Increase in costs for patients who gain ≥5 percent of baseline weight; increase varies with mean HbA1C
TUESDAY, Aug. 30, 2016 (HealthDay News) — For patients with type 2 diabetes, maintaining body weight is associated with a reduction in medical care costs, while weight gain is associated with variable cost increases depending on the hemoglobin A1C level, according to a study published online Aug. 25 in Diabetes Care.
Gregory A. Nichols, Ph.D., from the Kaiser Permanente Center for Health Research in Portland, Oregon, and colleagues examined the four-year economic impact of maintaining body weight versus gaining weight among 8,154 patients with type 2 diabetes. Weight change was calculated as the difference between the first body weight measure in 2010 and the last measure in 2013.
The researchers found that regardless of A1C, patients who maintained weight within 5 percent of baseline experienced a reduction in costs of about $400. An increase in costs of $1,473 was seen for patients who gained ≥5 percent of baseline weight and had mean A1C of ≥7 percent. A more modest increase in costs ($387) was seen for those who gained >5 percent of their baseline weight and had mean A1C <7 percent.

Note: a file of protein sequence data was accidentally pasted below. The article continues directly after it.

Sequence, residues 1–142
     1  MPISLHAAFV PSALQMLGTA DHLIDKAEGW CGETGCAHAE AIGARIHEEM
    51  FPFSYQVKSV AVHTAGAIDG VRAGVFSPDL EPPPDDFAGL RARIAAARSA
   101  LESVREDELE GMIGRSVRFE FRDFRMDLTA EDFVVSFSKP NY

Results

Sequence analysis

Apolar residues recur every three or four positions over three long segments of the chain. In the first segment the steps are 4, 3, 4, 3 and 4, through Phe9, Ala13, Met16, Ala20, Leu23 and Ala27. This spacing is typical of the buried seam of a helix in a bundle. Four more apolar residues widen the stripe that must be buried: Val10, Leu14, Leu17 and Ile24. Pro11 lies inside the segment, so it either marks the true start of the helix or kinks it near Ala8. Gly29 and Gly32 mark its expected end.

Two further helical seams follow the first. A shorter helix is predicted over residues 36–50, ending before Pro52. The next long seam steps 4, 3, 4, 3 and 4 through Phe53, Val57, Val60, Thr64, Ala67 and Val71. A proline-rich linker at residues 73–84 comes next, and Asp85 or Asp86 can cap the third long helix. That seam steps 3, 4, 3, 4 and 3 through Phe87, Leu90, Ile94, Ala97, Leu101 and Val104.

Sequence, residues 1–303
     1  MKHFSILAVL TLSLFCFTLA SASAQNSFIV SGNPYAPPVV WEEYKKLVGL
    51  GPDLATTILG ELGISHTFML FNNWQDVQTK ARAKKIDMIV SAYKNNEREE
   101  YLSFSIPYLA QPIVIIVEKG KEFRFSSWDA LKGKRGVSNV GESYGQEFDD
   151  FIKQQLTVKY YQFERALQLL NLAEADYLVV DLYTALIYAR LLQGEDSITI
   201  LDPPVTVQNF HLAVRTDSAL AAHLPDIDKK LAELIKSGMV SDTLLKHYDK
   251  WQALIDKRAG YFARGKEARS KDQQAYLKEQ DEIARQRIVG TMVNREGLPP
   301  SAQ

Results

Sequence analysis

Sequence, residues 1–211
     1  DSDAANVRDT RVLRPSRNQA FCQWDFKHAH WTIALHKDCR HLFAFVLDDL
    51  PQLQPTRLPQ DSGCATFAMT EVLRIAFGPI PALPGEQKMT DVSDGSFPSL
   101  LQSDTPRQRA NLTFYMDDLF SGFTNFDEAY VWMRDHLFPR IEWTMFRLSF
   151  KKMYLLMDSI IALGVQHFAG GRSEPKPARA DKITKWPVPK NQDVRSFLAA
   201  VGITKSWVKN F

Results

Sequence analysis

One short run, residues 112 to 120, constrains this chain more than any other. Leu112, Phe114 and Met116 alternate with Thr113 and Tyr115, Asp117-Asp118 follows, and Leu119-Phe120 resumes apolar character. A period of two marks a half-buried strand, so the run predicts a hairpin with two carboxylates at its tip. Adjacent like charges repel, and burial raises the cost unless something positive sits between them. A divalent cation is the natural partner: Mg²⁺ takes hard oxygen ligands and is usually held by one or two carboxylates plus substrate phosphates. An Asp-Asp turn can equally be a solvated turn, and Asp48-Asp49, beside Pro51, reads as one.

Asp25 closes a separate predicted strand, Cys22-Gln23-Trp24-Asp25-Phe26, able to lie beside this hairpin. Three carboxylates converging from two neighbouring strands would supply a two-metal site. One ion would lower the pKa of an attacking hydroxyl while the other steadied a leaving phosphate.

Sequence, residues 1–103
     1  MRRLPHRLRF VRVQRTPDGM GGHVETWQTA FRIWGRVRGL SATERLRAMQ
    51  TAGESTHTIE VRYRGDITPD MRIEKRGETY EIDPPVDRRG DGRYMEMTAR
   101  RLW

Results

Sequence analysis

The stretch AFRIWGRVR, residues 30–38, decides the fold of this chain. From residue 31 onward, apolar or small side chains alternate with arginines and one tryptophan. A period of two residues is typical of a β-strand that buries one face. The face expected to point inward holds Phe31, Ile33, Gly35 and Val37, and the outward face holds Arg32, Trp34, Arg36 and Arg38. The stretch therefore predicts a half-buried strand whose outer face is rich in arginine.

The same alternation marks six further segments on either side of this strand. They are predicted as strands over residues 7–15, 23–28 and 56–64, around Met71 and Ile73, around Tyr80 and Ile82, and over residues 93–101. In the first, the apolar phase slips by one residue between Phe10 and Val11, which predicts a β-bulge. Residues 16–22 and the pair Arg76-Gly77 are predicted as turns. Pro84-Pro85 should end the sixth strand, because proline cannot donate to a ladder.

“Patients who maintained weight within 5 percent of baseline had costs that were ~5 percent lower than baseline,” the authors write. “Avoidance of weight gain may reduce costs in the long-term.”
Two authors disclosed financial ties to the pharmaceutical industry, including AstraZeneca, which funded the study.
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